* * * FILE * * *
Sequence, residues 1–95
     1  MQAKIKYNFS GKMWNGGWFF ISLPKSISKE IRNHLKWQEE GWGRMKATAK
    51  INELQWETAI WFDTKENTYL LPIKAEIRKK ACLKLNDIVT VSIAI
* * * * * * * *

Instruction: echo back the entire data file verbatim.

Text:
Sequence, residues 1–95
     1  MQAKIKYNFS GKMWNGGWFF ISLPKSISKE IRNHLKWQEE GWGRMKATAK
    51  INELQWETAI WFDTKENTYL LPIKAEIRKK ACLKLNDIVT VSIAI